Redefining your role as BOSS.

Tuesday, July 21, 2015

being boss

So, a little while ago, I was a freelancer. I planned my own schedule, only had myself to worry about (and clients, of course) even though I wanted to grow my business and brand, I never thought I’d be managing a team. Fast forward 3 years, and I now have hands-down the best team in town. It hasn’t been easy, but today I’d like to talk a little bit about going from freelancing to being a boss — what it feels like, what it looks like and how it’s transformed the way I do work every day.  So, let’s throw on our BOSS hats and tackle this tricky subject together.

Last week, I wrote about managing a creative team, which touches on what kind of boss I am, but today I’d like to dig a little deeper for you all, and share my struggles, lessons and triumphs with transitioning from freelancer to running the show. One of my biggest hurdles has been letting go of what I’ve built and trusting it in the hands of others. I guess we call this delegation, and I thought I’d be good at that, but I proved to be horrible at it. As recently as my trip to Morocco, which was in March of this year, I had an experience that proved to me that I needed to be better about getting what’s in my head out onto paper for my team to take and run with. We were planning our Kickstarter for The Flea, and I freaked out in Paris and put the stop on all of our design work.  Full disclosure, I made the call after having 2 glasses of Rose in a Latin Quarter bar and I had basically been on a full detox for two weeks in Morocco, so you know, I was not really myself 😉 When I returned a few days later (and still hungover from all the macarons / champagne), we had to jump right in to that Kickstarter script and get all the design moving.  Luckily I have one of the best content-creators in town on my team, who is also super patient with me, so we were able to really knock it out of the ballpark.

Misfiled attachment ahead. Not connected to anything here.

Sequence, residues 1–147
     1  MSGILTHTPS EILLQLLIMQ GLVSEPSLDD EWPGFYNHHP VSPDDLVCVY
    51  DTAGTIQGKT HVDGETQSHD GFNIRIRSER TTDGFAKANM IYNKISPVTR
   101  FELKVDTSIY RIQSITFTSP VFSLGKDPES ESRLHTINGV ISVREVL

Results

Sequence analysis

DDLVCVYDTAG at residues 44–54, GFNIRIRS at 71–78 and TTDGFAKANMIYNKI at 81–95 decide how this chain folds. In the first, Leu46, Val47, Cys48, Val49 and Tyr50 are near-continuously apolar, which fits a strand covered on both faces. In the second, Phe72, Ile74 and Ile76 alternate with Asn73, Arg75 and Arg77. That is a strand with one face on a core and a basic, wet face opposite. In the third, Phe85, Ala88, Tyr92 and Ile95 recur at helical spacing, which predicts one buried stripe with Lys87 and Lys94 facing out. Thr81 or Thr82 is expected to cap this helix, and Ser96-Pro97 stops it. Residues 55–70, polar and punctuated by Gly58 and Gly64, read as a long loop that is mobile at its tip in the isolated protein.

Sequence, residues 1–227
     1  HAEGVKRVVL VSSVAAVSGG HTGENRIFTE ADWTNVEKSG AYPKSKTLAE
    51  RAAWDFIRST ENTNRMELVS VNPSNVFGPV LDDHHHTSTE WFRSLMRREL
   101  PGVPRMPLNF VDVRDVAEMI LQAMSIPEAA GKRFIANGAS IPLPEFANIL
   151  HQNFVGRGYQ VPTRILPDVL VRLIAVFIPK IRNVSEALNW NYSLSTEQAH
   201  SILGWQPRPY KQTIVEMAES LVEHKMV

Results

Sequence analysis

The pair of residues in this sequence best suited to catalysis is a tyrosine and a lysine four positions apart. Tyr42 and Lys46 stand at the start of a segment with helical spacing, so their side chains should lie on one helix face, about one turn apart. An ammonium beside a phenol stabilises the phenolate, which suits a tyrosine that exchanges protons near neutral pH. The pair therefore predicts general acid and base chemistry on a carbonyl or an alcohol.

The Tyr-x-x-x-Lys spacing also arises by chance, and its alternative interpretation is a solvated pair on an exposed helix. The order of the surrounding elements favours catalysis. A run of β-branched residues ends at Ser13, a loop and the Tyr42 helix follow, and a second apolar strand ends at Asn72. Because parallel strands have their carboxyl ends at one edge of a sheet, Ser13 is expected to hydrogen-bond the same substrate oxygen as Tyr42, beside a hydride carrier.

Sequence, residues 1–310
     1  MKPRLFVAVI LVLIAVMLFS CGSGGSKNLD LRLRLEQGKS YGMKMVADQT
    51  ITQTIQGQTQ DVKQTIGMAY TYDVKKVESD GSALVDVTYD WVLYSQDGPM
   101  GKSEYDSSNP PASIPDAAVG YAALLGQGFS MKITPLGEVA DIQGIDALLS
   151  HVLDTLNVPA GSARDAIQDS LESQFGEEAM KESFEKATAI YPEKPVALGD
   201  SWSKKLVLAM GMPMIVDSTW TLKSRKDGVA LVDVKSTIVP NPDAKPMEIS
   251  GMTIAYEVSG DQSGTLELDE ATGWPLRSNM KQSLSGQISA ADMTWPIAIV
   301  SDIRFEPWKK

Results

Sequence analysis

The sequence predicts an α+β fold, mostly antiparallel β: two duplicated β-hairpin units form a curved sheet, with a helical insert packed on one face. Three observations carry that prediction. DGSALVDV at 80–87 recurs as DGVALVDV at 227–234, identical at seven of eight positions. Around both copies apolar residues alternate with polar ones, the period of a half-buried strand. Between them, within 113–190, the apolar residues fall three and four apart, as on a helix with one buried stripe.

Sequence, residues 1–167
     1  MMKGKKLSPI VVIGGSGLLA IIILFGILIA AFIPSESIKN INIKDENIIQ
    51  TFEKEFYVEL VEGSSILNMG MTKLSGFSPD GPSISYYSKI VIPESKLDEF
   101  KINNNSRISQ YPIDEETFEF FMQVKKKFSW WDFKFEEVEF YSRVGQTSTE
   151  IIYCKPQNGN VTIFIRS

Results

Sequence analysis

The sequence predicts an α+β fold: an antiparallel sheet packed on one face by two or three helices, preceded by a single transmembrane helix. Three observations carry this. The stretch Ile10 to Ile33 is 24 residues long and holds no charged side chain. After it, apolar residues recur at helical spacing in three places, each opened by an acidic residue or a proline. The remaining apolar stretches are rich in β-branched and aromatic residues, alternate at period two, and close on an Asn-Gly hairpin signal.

Also, some of the things you must do to be a good boss might not come naturally to you. For instance, getting my staff on payroll, deciding on all the budgeting for the year, creating HR policies, structuring job positions, figuring out how to increase revenue streams, moving us into an office, tackling the bookkeeping and even keeping everyone updated on design software are some of the duties that I now have, that are truly challenging to me. Doing all this while managing a staff, keeping tabs on projects, launching a new website, preparing for each monthly Flea and staying excited about my personal life certainly takes a toll on me.

Redefining my role within my team became crucial. It’s slightly vague, because anything big that comes up becomes my responsibility, and freeing up my schedule by allowing my staff to take over daily roles connected to clients and customers was super important. What I bring to the table is the energy and innovation of steering a business toward success, while instilling a work ethic and design aesthetic into our products and projects. I’m also not scared to do new things and fight for what I know is best. As much as it’s scary sometimes to be the boss, it’s a role that makes me feel alive, vulnerability and all.